Many families make them every year so that they can send Kankoro Mochi to their family and friends. Don’t hesitate to buy some in Ojika, it makes for a great breakfast.
Peanuts are another specialty in Ojika and you can eat them as they are or in ice cream form. You can also find delicious peanut tofu there.
Fishing is one of the main activities of the inhabitants of Ojika. Fish is, therefore, a staple in their diet and it is consumed dried, raw in sashimi, fried, etc.
What To Do In Ojika – The 10 Best Activities
Let’s find out more about the best spots to visit in Ojika. I recommend you stay about 3 days on the island if you want to visit its main attractions and get the best out of everything.
1. The Old Town
Let’s start right away in the old town of Ojika (exact location). There is something about this town that is beyond time. The villagers there are charming and live a simple and quiet life. Here, community, sharing, and mutual support are very important values.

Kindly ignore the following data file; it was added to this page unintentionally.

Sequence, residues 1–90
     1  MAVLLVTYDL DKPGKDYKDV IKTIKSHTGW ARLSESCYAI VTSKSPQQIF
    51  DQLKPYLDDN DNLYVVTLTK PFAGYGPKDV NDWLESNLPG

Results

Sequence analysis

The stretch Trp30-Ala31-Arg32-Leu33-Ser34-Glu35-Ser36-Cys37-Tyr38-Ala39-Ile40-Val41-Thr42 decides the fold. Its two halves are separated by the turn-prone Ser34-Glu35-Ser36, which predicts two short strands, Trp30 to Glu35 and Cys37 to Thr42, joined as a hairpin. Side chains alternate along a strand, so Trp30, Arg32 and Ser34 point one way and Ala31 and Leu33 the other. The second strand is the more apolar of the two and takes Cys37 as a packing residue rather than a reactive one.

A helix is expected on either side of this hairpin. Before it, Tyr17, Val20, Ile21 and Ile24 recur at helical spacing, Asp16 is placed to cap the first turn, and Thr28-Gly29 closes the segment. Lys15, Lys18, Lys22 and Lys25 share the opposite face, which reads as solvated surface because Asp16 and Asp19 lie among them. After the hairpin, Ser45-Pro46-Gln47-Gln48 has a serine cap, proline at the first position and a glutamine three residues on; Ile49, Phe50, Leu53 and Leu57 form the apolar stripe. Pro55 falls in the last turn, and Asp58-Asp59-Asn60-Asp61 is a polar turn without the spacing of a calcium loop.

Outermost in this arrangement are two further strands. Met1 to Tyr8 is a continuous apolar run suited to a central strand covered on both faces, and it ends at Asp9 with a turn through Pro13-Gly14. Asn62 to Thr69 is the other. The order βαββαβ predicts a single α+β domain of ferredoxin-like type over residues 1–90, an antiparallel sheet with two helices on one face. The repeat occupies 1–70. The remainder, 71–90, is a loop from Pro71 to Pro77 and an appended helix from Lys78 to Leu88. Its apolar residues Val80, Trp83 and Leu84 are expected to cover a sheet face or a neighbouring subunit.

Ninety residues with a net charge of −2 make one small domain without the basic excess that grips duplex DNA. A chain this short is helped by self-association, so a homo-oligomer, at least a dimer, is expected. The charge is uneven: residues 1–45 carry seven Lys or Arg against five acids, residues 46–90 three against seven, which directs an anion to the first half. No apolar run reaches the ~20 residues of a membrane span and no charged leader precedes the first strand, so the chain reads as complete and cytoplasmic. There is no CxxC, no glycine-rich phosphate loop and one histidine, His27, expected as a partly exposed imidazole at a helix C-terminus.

Need a coffee break? Go to the charming to to na café located here. They have delicious cakes and Misuzu-san, the owner, is adorable!
As you wander around the city, you may come across Jimpei-san, the island’s smoked fish specialist!
If you’re nice, he will show you how he prepares smoked fish. I tasted it and I can tell you it is delicious! Here is a picture of the fish before and after smoking.
Let’s get even more vintage and visit Momoko-san who owns an old printing press called Ojikappan, located here.
To this day, Momoko and her father continue to print documents by hand, placing letters manually, one at a time.
You will probably come across Jizo, those Buddhist statues scattered around the streets of the old city. Here is what they look like.
2. Chinokoujima Shrine
This is one of my favorite places in Ojika! Chinokoujima Shrine is located on the eastern part of the island (exact location here) and has beautiful stone torii facing the sea.
For the record, Chinokoujima has a twin shrine (Okinokoujima) on the island of Nozaki, just opposite Ojika.
3. Kakinohama Beach
Kakinohama beach (exact location here) is one of the most popular beaches on the island and it is rather crowded in summer. Unfortunately, we were there in autumn so it was too cold to swim there. That’s a good reason to go back to Ojika though. The water is an irresistible crystal-clear turquoise blue!
4. Goryodaki Beach
Goryodaki Beach (exact location here) is less known than Kakinohama but is just as beautiful, if not more! It is located in a large cove so the water there is very calm. It’s an ideal place to swim and sunbathe in peace and quiet.